Chinese Elm Bonsai Tree Seeds (Ulmus Parvifolia)

Chinese Elm Bonsai Tree Seeds (Ulmus Parvifolia)

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The Chinese Elm or Lacebark Elm (Ulmus Parvifolia) is a deciduous tree native to Japan, China and Korea.  The tree is commonly used for urban planting throughout the United States.  The tree has small green leaves during the growing season that turn yellow/brown in the fall prior to shedding the leaves for the winter.

USDA Zone: 5-9
Germinating Difficulty: Moderately Easy

This tree grows moderately quickly at 12" - 36" per year once established in the ground, slower in a pot.  The seeds are fairly easy to germinate and will require a 24 hour water soak followed by cold stratification of 90 days.  This basically means you need to soak them for 24 hours then discard any seeds that float and drain off the water.  Place the damp (not moist) seeds in the fridge with a mildly damp paper towel, damp vermiculite or sand.  Be sure the moisture is minimal as excessive moisture will encourage fungal growth.  The bag of seeds should be placed in a refrigerator for about 3 months, ideally timed to end in early spring so the young trees can be moved outdoors as they grow.  The bag should be checked a few times a month to be sure the damping material did not dry out and that there are no seeds germinating early.  If a seed sprouts, remove it and sow immediately.  After the cold stratification, the seeds should be moved to a seed starting medium such as pearlite, planted about 1/16" deep and the soil tamped after sowing.  The soil must be kept damp, not soaked and warm for the seeds to germinate.  Some people use a fungicide treatment prior to cold stratification.  If kept too wet during stratification or after sowed, the seeds will rot.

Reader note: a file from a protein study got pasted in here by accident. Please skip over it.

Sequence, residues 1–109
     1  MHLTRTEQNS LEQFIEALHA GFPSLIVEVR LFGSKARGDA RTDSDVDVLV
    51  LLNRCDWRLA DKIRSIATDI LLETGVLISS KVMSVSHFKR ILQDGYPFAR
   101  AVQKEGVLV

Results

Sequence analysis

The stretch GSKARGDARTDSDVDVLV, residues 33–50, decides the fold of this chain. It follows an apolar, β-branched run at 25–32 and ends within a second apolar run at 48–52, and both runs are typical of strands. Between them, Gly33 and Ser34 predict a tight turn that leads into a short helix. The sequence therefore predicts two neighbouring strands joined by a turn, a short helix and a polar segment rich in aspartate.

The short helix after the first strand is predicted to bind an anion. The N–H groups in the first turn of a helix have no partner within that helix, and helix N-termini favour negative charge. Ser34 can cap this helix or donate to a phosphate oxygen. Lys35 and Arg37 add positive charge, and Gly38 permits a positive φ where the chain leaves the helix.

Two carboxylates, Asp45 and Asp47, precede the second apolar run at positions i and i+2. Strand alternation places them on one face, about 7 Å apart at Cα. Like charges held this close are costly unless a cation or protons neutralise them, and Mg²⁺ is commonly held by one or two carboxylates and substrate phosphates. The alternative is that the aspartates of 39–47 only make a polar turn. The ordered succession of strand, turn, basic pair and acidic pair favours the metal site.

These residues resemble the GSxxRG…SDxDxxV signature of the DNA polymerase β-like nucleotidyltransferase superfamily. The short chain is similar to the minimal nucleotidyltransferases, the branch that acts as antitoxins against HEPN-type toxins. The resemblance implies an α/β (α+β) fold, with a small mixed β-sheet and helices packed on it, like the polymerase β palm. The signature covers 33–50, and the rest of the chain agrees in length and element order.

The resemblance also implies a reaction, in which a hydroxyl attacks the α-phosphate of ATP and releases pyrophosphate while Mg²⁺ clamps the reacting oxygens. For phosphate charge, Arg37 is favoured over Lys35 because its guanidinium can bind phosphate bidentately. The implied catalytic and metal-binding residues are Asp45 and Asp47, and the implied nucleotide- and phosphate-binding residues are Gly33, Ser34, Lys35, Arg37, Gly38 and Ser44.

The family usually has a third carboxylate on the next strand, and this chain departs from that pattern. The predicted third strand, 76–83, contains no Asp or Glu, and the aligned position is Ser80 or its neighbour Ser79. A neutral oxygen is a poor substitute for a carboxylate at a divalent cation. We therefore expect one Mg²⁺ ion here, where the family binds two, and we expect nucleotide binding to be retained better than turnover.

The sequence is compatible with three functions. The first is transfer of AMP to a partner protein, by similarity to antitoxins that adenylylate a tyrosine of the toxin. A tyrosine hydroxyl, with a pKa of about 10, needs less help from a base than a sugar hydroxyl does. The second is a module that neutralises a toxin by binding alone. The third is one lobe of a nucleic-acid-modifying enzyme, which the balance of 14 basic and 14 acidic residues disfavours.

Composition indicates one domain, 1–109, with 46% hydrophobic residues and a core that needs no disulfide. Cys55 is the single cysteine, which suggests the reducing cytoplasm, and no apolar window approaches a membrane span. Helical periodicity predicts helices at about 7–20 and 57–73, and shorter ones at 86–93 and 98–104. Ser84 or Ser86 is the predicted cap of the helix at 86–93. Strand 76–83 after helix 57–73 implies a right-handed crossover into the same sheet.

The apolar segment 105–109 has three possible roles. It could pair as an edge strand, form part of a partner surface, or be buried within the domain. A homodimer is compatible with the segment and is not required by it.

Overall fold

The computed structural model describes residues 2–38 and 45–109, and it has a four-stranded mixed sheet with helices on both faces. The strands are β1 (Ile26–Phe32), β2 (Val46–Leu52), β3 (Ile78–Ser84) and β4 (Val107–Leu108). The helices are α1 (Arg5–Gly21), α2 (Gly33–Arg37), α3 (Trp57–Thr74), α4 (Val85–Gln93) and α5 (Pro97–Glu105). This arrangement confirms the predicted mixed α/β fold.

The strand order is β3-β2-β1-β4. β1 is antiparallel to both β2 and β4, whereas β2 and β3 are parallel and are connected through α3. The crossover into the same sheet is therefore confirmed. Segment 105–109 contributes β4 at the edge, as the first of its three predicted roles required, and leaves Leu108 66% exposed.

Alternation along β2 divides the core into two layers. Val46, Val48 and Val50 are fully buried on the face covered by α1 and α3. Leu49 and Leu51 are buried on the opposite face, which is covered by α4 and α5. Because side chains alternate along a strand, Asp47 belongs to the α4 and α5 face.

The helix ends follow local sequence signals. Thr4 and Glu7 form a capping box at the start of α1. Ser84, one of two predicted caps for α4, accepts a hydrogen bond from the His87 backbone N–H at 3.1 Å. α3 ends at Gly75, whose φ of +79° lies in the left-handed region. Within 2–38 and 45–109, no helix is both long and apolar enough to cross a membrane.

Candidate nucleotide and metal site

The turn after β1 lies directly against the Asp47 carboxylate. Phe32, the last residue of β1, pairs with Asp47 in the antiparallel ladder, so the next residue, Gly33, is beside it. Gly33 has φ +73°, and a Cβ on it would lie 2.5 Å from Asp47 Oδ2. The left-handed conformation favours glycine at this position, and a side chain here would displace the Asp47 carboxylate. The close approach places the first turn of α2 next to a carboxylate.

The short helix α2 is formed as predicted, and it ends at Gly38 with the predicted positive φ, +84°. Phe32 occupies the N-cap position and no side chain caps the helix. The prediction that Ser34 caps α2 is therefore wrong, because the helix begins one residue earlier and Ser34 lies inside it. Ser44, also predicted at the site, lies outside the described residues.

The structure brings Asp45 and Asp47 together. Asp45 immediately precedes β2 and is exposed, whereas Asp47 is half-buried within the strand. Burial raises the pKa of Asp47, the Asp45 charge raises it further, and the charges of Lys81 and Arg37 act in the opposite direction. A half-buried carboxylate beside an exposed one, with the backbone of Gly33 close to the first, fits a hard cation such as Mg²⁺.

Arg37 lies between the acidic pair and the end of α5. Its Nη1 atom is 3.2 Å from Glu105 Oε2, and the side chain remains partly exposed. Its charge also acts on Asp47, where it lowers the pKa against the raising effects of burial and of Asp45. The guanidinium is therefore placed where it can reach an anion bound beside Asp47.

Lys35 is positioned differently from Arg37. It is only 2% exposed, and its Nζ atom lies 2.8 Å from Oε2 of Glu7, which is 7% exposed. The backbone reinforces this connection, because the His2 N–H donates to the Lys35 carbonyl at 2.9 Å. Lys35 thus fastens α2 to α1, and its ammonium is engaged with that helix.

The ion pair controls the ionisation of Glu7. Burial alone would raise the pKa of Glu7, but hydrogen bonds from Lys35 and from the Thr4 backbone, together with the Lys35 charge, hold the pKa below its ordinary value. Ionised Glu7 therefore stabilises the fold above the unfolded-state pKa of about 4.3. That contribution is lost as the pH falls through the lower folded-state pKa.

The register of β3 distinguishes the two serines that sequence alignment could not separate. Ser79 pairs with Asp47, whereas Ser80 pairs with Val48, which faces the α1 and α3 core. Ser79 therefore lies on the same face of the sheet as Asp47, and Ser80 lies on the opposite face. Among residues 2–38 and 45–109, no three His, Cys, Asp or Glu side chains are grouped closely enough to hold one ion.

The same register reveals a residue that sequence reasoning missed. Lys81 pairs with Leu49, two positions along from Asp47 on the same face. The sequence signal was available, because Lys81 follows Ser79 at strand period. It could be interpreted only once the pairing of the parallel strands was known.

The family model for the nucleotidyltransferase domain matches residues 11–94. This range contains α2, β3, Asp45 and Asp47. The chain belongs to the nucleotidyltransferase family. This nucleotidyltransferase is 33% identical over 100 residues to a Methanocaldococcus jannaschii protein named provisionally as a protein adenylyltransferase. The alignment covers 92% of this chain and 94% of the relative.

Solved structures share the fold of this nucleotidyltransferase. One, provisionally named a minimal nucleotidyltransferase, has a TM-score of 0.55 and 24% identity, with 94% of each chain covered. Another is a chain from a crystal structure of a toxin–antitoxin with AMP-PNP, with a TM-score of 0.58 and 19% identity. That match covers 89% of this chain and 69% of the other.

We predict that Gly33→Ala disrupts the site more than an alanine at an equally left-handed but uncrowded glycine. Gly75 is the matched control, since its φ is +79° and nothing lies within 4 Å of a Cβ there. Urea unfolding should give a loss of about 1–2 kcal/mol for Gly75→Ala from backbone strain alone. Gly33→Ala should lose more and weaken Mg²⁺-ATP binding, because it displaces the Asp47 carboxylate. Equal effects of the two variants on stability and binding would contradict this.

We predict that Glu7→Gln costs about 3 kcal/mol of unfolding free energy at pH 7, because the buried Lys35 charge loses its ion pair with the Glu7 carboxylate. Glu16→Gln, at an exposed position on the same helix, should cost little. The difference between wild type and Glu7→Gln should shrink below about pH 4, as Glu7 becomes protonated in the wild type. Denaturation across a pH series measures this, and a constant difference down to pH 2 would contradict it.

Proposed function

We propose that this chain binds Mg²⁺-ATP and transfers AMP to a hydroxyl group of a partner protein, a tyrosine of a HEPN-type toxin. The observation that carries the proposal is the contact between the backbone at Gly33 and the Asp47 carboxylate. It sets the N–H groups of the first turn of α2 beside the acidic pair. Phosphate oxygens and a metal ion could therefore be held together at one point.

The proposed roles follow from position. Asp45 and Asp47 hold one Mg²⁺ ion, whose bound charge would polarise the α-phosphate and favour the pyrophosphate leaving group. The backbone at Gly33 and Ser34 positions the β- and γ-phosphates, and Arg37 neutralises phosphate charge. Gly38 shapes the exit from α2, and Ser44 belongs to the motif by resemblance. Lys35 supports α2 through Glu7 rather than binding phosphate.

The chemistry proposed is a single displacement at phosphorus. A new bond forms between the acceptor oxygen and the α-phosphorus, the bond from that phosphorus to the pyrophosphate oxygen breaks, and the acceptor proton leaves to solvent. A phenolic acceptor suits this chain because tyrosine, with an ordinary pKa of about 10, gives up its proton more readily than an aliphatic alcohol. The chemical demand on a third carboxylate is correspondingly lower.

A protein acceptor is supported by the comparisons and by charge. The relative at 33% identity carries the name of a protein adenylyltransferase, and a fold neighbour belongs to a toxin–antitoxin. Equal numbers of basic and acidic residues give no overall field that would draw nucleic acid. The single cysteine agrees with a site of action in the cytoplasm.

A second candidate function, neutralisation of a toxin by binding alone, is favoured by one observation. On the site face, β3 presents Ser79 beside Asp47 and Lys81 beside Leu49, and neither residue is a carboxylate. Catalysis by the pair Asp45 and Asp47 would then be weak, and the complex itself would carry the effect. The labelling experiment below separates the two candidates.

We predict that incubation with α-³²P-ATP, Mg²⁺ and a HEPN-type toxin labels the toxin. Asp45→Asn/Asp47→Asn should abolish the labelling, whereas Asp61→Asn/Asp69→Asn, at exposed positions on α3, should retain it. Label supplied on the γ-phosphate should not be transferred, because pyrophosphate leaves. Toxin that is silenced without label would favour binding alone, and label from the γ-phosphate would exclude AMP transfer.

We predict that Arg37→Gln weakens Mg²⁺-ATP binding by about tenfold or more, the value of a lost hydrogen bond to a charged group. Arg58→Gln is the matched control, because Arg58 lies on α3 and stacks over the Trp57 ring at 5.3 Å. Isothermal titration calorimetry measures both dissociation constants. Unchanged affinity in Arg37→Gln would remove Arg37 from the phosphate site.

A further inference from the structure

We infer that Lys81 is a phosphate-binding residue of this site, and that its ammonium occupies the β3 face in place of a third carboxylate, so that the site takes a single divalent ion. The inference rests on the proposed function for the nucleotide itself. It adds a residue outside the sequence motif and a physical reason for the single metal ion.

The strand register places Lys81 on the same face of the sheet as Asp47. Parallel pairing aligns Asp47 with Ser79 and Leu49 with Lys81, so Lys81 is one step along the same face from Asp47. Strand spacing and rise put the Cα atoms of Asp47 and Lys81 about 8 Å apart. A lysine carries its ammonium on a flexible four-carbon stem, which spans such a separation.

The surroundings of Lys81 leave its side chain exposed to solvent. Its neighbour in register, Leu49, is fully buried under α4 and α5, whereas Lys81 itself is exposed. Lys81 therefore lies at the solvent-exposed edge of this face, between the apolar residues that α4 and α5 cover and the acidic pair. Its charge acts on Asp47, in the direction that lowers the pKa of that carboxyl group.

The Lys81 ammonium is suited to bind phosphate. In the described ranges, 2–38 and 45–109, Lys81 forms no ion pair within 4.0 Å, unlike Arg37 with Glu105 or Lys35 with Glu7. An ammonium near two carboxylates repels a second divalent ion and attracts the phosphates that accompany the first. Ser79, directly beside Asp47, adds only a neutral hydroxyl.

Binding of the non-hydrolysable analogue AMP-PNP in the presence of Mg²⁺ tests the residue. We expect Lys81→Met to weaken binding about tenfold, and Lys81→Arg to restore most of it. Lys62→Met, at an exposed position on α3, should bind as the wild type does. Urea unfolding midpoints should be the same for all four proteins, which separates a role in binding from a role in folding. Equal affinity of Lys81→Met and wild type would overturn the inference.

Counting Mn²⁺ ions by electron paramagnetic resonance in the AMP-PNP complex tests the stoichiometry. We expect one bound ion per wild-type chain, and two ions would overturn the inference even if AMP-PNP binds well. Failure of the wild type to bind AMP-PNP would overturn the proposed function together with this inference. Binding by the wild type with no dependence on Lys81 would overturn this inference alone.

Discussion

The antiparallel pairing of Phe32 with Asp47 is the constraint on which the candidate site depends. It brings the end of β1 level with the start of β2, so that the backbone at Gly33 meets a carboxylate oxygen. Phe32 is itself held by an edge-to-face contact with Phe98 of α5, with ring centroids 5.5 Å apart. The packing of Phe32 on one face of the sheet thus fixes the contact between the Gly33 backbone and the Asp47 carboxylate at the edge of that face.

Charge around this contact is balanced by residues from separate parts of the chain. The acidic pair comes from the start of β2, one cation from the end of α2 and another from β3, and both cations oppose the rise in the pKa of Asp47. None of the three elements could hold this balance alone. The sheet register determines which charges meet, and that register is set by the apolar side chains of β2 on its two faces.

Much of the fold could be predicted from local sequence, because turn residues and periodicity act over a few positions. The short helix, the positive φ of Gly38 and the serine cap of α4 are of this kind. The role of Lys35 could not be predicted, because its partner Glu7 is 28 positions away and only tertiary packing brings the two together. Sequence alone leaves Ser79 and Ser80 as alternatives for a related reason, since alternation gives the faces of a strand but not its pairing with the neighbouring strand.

My process for this in Pennsylvania is to soak the seeds for 24 hours and drain off any water. I then either put them in Tupperware outside under a bench with some sort of damping material or I sow them in seed trays, cover with hardware cloth (to prevent birds and rodents from taking them) then put them under a bench outside.  With both methods I time them to be outside from November until early March,.  Both of these methods require you to check them to be sure the soil or damping material stays damp.  You should also check the Tupperware for early sprouts and sow out when necessary.  

There are other ways to accomplish the stratification period, just search Chinese Elm Germination on Google, there is plenty of information.

Seeds should be used as soon as possible.  Seeds that will not be used immediately should be stored dry in the plastic bag in the refrigerator.  The quality of the seeds will degrade over time, normally 3-5 years.

Seeds are sourced from the most reputable commercial seed sources.  These are the same seeds we use to start our bonsai.
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